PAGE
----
Charles Loring Jr. was a POW in WWII Before Receiving the MoH for His Actions in Korea

Photo Credit: Kunsan Air Base / US Department of Defense
Photo Credit: Kunsan Air Base / US Department of Defense

Charles J. Loring Jr. is one of many Medal of Honor recipients. Although he served in the Second World War, he received the honor for his service in Korea, which also cost him his life. Loring was born in Portland, Maine, where he lived until he enlisted in the Aviation Cadet Program of the US Army Air Forces. He would serve as a pilot for the remainder of his military career.

Charles Loring Jr.’s early service during the Second World War

Aerial view of Losey Army Airfield
Losey Army Airfield, Puerto Rico, where Charles Loring Jr. was stationed at the beginning of the Second World War. (Photo Credit: United States Geological Survey / Wikimedia Commons / Public Domain)

After he completed his flight training, Charles Loring Jr. was assigned to the 22nd Squadron, 36th Fighter Group, 9th Air Force based out of the Losey Army Airfield in Puerto Rico. There, he flew Curtiss P-40 Warhawks and Bell P-39 Airacobras. By mid-1943, the group was called back to the US to train on Republic P-47 Thunderbolts. The aircraft was the largest single-engine fighter of the Second World War, and still managed to be fast and versatile.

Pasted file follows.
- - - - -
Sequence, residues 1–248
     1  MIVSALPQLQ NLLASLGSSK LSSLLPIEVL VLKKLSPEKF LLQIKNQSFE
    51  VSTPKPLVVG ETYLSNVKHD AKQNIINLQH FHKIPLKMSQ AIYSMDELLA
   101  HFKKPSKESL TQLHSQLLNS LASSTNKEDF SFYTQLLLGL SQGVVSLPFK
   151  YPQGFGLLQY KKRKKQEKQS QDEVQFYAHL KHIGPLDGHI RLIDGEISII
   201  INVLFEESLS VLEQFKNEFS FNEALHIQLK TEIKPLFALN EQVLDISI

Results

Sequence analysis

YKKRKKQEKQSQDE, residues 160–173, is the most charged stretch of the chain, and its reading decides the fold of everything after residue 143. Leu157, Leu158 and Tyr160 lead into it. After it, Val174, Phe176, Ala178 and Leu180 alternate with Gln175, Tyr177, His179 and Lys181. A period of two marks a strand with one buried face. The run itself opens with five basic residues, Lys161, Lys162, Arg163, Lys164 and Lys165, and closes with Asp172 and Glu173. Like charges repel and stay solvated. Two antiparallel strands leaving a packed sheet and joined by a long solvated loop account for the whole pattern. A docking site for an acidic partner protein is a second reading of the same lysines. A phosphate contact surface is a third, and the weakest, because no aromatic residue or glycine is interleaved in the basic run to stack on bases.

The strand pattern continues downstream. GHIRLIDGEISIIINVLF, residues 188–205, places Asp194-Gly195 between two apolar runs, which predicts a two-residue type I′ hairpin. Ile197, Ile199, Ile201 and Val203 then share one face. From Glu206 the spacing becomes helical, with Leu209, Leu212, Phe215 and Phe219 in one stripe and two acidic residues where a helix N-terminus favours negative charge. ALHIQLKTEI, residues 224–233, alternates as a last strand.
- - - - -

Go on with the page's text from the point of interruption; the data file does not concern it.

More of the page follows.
The 36th Fighter Group trained out of various US airfields before being sent to England in March 1944 to serve in the European Theater.

Prisoner of war

Grounded Republic P-47D Thunderbolts
Republic P-47D Thunderbolts flown by the the 22d Squadron, 36th Fighter Group, 9th Air Force at RAF Kingsnorth, England. (Photo Credit: US Air Force / Wikimedia Commons / Public Domain)

As part of the 9th Air Force, Charles Loring Jr. was involved in missions in the lead up to D-Day. The pilots flew armed reconnaissance and escort missions, and during the landings on June 6, 1944 were tasked with patroling the air over Allied landing sites. Loring completed 55 combat missions, and earned himself the Distinguished Flying Cross.

On Christmas Eve 1944, Loring was flying over Belgium when his aircraft crashed after being hit with flak artillery. He was captured by the Germans and held as a prisoner of war for six months, before being liberated on May 5, 1945. He remained with the US Army Air Forces after the war, even as it became the US Air Force in 1947.

Charles Loring Jr.’s service during the Korean War

Military portrait of Charles Loring Jr.
Charles Loring Jr., 1950. (Photo Credit: US Air Force / Wikimedia Commons / Public Domain)

Charles Loring Jr. wasn’t sent to fight in the Korean War until two years into the conflict, as he was an instructor at the Armed Forces Information School. In 1952, he was deployed overseas with the 36th and 80th Squadrons, 8th Fighter Bomber Group. Their official function was to provide aerial support to UN ground troops, as well as attack enemy airfields, supply lines and soldiers.